Elizabeth Bowen 1899-1973
Irish-born English novelist, short story writer, essayist, critic, nonfiction writer, travel essayist, playwright, and memoirist.
The following entry provides criticism on Bowen's works from 1979 through 2001. See also Elizabeth Bowen Criticism (Volume 1), and Volumes 3, 6, 15, 22, 118.
Bowen was a renowned Anglo-Irish novelist and short story writer whose prolific writing career encompassed more than fifty years. Her later novels articulated the precarious position of the individual in the modern, postwar world and anticipated postmodernism in their use of new, experimental literary forms.
An only child, Elizabeth Dorothea Cole Bowen was born in Dublin, Ireland, on June 7, 1899, to Florence Colley and Henry Cole Bowen, both of Anglo-Irish descent. Her father was an attorney in Dublin where the family lived in the winter, but they spent every summer at Bowen's Court, the family home in County Cork. The house itself was built in 1775, although the 800-acre estate had been granted to the Bowen family in 1653. In 1906, Bowen's father was hospitalized with nervous depression, a condition that apparently ran throughout the family, and Bowen and her mother went to stay with relatives in England. Missing both her father and her home in Ireland, Bowen developed a stammer that she never outgrew. Although her father's health improved and the family was reunited in Ireland in the summer of 1912, her mother's death soon afterwards proved another devastating blow to the young girl's precarious sense of stability. Her aunts assumed responsibility for her care and she was sent to live with her mother's unmarried sister in Hertfordshire where she attended day school. Two years later, she was enrolled in Downe House, a boarding school in Kent, where she remained for the next three years, splitting her school vacations between her maternal relatives in England and her father's home in Ireland. During her time in school, Bowen remained relatively isolated from the events of the outside world—the beginning of World War I and the Easter Rising of 1916. However, when she left school in 1917, she volunteered as a nurse in a Dublin hospital where she cared for shell-shocked soldiers. Bowen traveled extensively after the war, briefly studied art at the London County Council School of Art, and then turned to journalism as a possible career, discovering her talent for fiction-writing along the way. Her brief engagement to a British army officer during this time was undone by the disapproval of her maternal aunts.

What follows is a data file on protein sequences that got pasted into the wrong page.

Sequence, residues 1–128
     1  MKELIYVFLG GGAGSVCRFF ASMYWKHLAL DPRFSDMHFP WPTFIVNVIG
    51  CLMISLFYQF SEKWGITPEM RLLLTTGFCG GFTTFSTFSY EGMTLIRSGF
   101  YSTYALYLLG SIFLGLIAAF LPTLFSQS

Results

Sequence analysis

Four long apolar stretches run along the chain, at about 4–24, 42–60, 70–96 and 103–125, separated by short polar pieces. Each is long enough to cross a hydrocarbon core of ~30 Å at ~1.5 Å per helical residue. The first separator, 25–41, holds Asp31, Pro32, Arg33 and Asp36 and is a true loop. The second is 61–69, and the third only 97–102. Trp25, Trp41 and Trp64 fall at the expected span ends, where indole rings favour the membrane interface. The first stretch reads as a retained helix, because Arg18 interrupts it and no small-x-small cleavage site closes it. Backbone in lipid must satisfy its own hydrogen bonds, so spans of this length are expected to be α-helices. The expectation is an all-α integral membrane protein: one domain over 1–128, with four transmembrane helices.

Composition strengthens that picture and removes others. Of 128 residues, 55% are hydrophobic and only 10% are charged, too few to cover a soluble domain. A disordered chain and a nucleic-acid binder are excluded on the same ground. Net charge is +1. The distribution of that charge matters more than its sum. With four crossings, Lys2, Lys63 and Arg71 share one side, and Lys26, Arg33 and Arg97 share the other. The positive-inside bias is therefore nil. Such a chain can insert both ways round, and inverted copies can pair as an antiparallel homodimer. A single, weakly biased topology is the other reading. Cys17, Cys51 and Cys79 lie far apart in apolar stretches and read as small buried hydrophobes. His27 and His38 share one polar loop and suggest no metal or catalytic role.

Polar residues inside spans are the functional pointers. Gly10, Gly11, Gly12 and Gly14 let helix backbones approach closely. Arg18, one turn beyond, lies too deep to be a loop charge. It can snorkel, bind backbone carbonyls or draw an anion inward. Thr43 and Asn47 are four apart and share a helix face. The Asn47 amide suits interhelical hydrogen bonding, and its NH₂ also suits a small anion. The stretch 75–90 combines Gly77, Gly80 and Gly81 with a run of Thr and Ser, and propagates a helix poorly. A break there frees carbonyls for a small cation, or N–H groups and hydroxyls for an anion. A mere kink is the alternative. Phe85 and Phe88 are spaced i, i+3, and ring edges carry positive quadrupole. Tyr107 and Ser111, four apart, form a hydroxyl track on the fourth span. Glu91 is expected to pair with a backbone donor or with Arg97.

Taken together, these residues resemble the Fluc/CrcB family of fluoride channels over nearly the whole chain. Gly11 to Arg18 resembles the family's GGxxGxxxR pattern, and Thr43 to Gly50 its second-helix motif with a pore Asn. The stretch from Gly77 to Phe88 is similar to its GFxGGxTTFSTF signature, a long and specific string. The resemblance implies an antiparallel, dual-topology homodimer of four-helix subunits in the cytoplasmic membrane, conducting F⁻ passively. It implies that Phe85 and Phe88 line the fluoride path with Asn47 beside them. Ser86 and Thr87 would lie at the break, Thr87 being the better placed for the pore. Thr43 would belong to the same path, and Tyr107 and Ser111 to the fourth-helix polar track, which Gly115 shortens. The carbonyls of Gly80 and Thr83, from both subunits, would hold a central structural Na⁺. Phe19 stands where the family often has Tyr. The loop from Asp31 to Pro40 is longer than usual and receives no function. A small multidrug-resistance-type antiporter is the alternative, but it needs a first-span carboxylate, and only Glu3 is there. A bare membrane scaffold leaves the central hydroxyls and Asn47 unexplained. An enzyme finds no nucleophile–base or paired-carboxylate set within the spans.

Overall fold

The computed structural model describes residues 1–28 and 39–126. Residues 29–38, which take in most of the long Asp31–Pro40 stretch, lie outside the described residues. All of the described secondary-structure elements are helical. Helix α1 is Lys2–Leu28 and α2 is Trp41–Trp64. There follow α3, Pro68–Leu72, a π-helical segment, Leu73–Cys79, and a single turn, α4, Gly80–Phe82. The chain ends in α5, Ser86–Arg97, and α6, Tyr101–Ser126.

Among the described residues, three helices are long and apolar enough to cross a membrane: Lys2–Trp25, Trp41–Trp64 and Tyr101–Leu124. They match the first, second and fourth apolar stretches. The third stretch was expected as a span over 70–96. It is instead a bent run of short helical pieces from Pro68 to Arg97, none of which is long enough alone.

In 1923 Bowen published her first book of short stories, the favorably-received Encounters, and that same year she married Alan Cameron, an Oxford graduate and former soldier who held a minor government post in Kingsthorpe, Northampton, where the young couple took up residence. Two years later, Cameron accepted a position in Oxford where Bowen soon became a part of the local intellectual community; there she made the acquaintance of Rose Macaulay who provided her with invaluable introductions to important people in the publishing business. Between 1926 and 1929, Bowen published her first two novels and two additional short story collections. In 1930, when Bowen's father died, she inherited the family estate in Ireland; she and her husband began spending holidays there, although they still lived in England. She continued writing and publishing, and by 1935 she had produced a total of five novels and four collections of stories. Meanwhile, she was expanding her circle of literary friends and acquaintances and soon counted Virginia Woolf among her close associates. When Cameron took a position with the BBC, the couple moved to London and Bowen began writing literary reviews for the Tatler. She produced several more novels, among them the highly acclaimed The Death of the Heart (1938) and The Heat of the Day (1949). When Cameron's health began to fail, the couple moved to Bowen's Court, where he died in 1952. She...
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